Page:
If there is one sound in all of the world that fills me with joy, it is the sound of birds calling and singing to each other. Every morning when I go out to greet the day, it is as if all the neighborhood birds sing me a “Good Morning!” I love to just sit in silence, watching and listening as the birds go about their business. It is a strangely exciting experience to imagine yourself being among them, seeing and experiencing the world through their eyes. I am not one of those expert birdwatchers who can name each type of bird I see. I’m lucky if I can pick out the more obvious ones, like cardinals, blue jays, crows, eagles, hawks, finches and starlings. I am in awe of people who can tell you what kind of bird is singing or calling at any given moment just by the sound they make. I can only do that with cardinals, because I once had a pair that visited my bird feeder every day, and, of course, crows because, well, everybody knows what a crow sounds like!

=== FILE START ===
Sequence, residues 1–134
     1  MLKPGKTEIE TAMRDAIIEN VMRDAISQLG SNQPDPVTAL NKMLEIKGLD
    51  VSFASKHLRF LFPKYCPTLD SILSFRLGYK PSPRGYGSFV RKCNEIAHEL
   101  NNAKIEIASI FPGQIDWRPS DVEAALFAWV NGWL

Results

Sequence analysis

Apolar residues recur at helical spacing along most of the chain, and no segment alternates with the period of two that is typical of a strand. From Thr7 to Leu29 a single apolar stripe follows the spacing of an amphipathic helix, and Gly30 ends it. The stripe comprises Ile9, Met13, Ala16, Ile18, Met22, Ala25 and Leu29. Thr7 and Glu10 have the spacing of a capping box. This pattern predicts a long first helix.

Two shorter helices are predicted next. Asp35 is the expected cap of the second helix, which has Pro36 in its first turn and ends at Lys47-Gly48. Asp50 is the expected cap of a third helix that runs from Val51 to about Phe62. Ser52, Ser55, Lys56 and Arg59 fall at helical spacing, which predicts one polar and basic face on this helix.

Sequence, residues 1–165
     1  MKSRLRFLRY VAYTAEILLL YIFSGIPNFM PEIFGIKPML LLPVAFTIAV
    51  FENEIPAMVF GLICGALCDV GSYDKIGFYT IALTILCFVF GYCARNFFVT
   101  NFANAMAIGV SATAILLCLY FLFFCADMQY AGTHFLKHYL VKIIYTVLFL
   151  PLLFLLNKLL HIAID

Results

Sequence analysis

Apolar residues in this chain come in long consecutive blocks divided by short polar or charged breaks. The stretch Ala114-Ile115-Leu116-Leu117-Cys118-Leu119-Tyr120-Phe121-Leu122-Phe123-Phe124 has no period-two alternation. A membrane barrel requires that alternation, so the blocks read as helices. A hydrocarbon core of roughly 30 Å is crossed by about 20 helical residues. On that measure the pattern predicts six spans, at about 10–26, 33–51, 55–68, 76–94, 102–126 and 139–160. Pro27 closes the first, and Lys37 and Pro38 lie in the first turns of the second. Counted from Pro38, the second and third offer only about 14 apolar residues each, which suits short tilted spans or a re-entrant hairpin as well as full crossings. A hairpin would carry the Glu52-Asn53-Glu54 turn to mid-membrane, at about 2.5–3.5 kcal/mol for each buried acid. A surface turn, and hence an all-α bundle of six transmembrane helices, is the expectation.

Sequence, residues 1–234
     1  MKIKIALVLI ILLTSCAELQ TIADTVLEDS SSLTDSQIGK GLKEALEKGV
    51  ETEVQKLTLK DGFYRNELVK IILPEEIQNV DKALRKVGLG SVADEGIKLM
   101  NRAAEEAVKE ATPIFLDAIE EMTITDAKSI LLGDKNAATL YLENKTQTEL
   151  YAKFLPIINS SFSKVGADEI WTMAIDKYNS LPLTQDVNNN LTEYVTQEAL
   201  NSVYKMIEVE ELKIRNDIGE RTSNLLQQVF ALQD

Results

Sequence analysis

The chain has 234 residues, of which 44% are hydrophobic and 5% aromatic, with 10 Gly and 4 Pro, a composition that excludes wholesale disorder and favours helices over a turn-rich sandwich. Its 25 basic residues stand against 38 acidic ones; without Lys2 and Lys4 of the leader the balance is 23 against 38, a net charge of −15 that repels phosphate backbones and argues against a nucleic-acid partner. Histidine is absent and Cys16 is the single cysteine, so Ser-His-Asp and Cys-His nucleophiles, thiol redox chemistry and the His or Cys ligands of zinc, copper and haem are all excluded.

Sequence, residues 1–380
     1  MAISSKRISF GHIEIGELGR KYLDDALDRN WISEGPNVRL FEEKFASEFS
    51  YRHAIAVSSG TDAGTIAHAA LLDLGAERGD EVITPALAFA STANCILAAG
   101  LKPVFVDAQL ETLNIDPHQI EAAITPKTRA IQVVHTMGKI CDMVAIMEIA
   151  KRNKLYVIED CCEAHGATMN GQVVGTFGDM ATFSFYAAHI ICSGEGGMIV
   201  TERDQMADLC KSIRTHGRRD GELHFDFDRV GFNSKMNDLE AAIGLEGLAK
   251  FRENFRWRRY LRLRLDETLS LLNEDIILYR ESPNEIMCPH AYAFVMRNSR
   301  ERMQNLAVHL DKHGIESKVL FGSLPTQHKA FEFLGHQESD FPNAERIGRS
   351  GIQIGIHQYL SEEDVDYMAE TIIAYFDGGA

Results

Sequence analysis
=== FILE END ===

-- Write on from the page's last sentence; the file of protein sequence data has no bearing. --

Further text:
As a writer, I have spent countless years trying to find what is known in the literary world as “my voice.” I have tried on one voice after another, often copying the style of writers I admired when I was younger. The fact that nothing I wrote during those years felt authentic or truly mine was a strong indicator that if I wanted to be the very best writer I could be, I had to find my own voice and write from there.
We humans struggle throughout most of our lives trying to find our own voice, the one that gives us good advice, that supports us as we pursue our dreams, and comforts us when life throws us a curve ball. It’s the one that doesn’t call us names, or tells us we’re failures, or reminds us of all of our shortcomings. It’s the one who is always there when no one else is, and connects us in the physical world with the truths that we stand firm on in our spiritual world. It is the voice of authenticity.
The other day as I was outside tending to some of the last of the autumn gardening chores, I heard that distinctive sound that could only belong to a crow. He had stopped by on his way to or from the corn fields where my neighbors are harvesting and perched in a tree close by to where I was working. He squawked a hello and proceeded to tell me a story while I worked. It did not matter that I don’t speak fluent crow. What mattered was that the voice I heard was distinctly his, and I thanked him in a voice that was distinctly mine.
And so it is.